Iran denies willingness to negotiate on ballistic missile program

A Reuters report on Friday said Iran has suggested to six world powers that it may be open to talks about its ballistic missile arsenal.

October 6, 2017 21:30
4 minute read.
Iran denies willingness to negotiate on ballistic missile program

Demonstrators wave Iran's flag and hold up a picture of supreme leader Ayatollah Ali Khamenei during a ceremony to mark the 33rd anniversary of the Islamic Revolution, in Tehran's Azadi square February 11, 2012.. (photo credit: REUTERS/RAHEB HOMAVANDI)


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Iran said on Friday its ballistic missile program was for defense purposes only and non-negotiable, denying Tehran may be open to discussing the controversial program with major powers.

"Iran has in all bilateral diplomatic meetings... emphasized that its defensive missile program is not negotiable and that it is not inconsistent with UN Security Council resolution 2231," Mehr news agency quoted Foreign Ministry spokesman Bahram Qasemi as saying.

A Reuters report on Friday, quoting Iranian and Western officials familiar with the overtures, said Iran has suggested to six world powers that it may be open to talks about its ballistic missile arsenal aimed at reducing tension over the disputed program.

Tehran has repeatedly vowed to continue building up what it calls defensive missile capability in defiance of Western criticism, with Washington saying the Islamic Republic's stance violates its 2015 nuclear deal with the powers.

But the sources said that given Trump's threats to ditch the deal reached under his predecessor, Barack Obama, Tehran had approached the powers recently about possible talks on some "dimensions" of its missile program.

"During their meeting on the sidelines of the UN General Assembly last month, Iran told members of the (world powers) that it could discuss the missile program to remove concerns," an Iranian source with knowledge of the meeting told Reuters on condition of anonymity.

US and Western officials did not confirm the matter was discussed at the Zarif-Tillerson meeting. But two US officials said Iran had recently been "keeping it alive" by feeding certain media reports and via third parties such as Oman.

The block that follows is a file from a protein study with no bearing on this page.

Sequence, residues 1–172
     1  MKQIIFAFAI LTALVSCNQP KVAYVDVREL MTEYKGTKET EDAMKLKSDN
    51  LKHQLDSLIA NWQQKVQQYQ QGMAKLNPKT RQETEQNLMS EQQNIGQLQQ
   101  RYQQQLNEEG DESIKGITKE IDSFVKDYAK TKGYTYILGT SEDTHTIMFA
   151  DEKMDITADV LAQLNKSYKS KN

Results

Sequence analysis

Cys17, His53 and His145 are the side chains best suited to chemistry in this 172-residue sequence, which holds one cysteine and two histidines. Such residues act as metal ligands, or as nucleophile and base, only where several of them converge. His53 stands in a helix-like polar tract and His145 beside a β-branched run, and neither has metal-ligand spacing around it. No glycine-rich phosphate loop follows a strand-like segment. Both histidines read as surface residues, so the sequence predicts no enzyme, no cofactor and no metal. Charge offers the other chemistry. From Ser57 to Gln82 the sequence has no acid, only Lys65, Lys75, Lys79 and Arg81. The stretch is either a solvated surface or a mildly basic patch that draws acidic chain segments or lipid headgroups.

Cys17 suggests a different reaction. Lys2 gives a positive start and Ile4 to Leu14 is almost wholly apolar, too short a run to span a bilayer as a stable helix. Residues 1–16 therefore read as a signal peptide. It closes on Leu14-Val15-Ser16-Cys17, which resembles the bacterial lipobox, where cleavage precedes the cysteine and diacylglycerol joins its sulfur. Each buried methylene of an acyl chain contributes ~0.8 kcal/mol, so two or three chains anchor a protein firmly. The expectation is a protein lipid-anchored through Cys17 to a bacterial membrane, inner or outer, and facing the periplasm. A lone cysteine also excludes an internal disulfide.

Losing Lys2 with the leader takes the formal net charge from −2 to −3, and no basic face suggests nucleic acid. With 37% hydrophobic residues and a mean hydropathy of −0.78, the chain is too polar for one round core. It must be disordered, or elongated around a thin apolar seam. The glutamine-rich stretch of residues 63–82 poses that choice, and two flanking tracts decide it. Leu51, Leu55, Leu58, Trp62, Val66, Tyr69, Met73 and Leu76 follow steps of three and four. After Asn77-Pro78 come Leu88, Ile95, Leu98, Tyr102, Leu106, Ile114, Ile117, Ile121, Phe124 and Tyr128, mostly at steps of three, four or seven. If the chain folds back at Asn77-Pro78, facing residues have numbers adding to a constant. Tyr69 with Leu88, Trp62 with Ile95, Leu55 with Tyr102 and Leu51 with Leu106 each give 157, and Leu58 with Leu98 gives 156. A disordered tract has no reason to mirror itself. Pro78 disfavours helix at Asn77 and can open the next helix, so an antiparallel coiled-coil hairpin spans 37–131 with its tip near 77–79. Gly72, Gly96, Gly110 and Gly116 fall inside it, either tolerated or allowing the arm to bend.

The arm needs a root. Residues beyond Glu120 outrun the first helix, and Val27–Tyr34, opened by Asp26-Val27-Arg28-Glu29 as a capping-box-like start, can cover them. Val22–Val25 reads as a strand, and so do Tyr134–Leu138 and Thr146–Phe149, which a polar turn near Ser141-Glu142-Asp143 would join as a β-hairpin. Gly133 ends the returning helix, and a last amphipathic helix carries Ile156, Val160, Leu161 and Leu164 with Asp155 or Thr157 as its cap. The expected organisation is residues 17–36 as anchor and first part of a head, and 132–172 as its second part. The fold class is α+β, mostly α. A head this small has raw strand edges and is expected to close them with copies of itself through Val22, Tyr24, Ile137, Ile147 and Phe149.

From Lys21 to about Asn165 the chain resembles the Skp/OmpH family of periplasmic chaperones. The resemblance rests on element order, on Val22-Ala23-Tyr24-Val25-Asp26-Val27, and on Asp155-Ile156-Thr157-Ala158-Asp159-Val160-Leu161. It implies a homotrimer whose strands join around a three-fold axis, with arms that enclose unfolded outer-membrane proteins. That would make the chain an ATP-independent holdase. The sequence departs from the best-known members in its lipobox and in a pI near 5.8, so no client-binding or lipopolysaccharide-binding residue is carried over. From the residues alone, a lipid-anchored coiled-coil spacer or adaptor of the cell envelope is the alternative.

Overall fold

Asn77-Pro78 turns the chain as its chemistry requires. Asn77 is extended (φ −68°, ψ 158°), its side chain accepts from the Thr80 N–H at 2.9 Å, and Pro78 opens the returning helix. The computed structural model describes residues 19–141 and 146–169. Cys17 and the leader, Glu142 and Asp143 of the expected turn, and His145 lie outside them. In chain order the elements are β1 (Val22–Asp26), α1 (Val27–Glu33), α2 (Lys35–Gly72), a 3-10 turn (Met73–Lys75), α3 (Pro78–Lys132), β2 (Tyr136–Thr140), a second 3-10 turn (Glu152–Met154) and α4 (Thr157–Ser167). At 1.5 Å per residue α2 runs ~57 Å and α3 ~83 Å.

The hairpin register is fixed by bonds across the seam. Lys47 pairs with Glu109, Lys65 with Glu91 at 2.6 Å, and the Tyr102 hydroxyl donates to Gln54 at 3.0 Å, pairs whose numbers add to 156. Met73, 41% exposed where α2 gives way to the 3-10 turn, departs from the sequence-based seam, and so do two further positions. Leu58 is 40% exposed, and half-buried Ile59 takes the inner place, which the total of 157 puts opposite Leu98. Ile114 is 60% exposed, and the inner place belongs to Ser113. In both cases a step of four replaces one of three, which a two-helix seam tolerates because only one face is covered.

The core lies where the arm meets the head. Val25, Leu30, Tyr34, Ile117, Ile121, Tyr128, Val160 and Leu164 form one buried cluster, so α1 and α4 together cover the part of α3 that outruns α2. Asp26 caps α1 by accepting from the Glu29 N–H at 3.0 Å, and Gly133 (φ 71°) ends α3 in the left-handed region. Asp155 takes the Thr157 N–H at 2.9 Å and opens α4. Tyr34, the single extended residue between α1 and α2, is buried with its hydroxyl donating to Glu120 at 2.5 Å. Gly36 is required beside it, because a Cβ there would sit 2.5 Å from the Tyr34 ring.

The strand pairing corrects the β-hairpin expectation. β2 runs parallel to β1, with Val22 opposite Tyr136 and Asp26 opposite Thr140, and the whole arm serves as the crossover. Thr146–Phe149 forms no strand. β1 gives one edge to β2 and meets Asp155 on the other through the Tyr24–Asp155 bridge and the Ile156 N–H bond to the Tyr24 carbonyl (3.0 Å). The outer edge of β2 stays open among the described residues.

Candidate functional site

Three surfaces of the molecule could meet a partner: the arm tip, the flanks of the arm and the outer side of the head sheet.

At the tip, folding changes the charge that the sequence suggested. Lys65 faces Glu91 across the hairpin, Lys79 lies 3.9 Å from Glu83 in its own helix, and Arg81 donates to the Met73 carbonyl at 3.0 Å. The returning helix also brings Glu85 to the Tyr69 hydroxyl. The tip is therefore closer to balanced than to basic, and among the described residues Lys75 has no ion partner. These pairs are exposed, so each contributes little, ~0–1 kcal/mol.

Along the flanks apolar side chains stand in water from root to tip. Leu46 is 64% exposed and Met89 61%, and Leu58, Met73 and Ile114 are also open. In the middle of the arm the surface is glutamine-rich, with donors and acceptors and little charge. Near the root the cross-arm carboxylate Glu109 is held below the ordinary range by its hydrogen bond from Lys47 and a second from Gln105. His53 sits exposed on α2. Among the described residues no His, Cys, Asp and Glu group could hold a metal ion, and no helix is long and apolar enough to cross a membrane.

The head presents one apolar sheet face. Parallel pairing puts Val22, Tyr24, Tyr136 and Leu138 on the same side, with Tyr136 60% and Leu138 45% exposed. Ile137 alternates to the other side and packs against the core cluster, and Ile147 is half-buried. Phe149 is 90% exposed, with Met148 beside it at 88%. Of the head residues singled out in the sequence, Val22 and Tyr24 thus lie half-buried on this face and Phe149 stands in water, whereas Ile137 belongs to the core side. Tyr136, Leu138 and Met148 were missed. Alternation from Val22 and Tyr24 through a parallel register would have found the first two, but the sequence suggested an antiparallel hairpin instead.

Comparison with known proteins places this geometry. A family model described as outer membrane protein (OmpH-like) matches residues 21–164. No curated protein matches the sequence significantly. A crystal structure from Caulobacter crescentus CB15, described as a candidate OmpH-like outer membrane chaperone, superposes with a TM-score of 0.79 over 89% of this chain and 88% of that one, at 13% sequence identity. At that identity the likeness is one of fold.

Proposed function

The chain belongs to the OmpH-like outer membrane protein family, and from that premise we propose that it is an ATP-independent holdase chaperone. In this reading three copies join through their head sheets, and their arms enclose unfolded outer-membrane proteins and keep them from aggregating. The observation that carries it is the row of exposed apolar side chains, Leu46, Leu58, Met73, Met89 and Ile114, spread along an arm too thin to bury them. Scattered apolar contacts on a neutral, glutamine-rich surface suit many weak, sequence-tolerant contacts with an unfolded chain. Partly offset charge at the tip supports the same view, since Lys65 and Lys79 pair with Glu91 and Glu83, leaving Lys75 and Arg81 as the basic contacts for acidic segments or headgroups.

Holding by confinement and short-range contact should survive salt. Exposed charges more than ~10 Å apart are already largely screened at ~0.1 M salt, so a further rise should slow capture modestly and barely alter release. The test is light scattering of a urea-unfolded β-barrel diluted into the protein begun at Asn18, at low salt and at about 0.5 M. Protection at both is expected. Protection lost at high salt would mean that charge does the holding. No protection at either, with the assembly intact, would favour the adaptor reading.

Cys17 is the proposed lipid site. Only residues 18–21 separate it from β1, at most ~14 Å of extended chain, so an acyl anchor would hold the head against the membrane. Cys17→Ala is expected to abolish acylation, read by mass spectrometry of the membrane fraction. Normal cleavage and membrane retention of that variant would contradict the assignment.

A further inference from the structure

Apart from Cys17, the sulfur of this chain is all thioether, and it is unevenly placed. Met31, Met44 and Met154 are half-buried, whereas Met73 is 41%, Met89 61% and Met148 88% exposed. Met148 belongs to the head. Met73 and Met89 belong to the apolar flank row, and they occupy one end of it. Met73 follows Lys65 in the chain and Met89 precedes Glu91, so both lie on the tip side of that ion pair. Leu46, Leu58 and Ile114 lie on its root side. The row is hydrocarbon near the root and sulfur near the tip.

Iran's reported approach came after Trump called the nuclear accord "an embarrassment" and "the worst deal ever negotiated."

He is expected to announce soon that he will decertify the deal, a senior administration official said Thursday.

Such a step could unravel the breakthrough agreement - seen by supporters as crucial to forestalling a Middle East arms race and tamping down regional tensions since it limits Iran's ability to enrich uranium in exchange for sanctions relief.

The other five powers are Britain, France, Germany, Russia and China, all of whom have reaffirmed commitment to the deal.

The European Commission said Friday that the international deal to curb Iran's nuclear program struck in 2015 was working and all sides should stick to their commitments.

"We are following very closely all the developments on the deal... reminding that it is a non-proliferation deal, which has been endorsed by the UN Security Council, that it's working, delivering as it has been verified eight times by the international agency for atomic energy," a Commission spokeswoman told a news conference in Brussels.

Russian Foreign Minister Sergei Lavrov said Friday he hoped Trump would make a "balanced" decision on whether to remain engaged in the deal.

"It is very important to preserve it in its current form and of course the participation of the United States will be a very significant factor in this regard," Lavrov told reporters on a visit to Kazakhstan.


Iranian Foreign Minister Mohammad Javad Zarif met his counterparts from the six powers, including US Secretary of State Rex Tillerson for the first time, on the fringes of the UN gathering on Sept. 20.

"The Americans expressed their worries about Iran's missile capability and Zarif said in reply that the program could be discussed," the Iranian source told Reuters.

A US official with first-hand knowledge of dealings with the Islamic Republic said Zarif had been recycling offers that "have been lying dormant on the table for some time.

"Zarif knows that if Trump goes ahead and decertifies Iran, it (Iran) will be on the high ground, and the US will be isolated among the (six powers)," the official said.

The Iranian Foreign Ministry refused to comment on the reported overture. The US State Department declined comment on whether possible talks on missiles were addressed at the meeting or whether Iran had recently communicated such interest.

The US mission at the United Nations referred Reuters to the State Department for comment.

The Trump administration has imposed fresh unilateral sanctions on Iran, saying its missile tests violate the UN resolution that formalised the nuclear deal. It calls on Tehran not to undertake activities related to missiles capable of delivering atom bombs. Iran says it has no such plans.

A State Department official said Washington remained committed to "countering the full range of threats the Iranian regime poses to the US, our allies, and regional stability, including its ballistic missile development".

Iran has one of the biggest ballistic missile programs in the Middle East, viewing it as an essential precautionary defense against the United States and other adversaries, primarily Gulf Arab states and Israel.

The United States and its allies worry that such missiles could potentially carry nuclear warheads, should Iran ever develop the means to assemble atomic bombs - a scenario the 2015 nuclear accord was designed to prevent.

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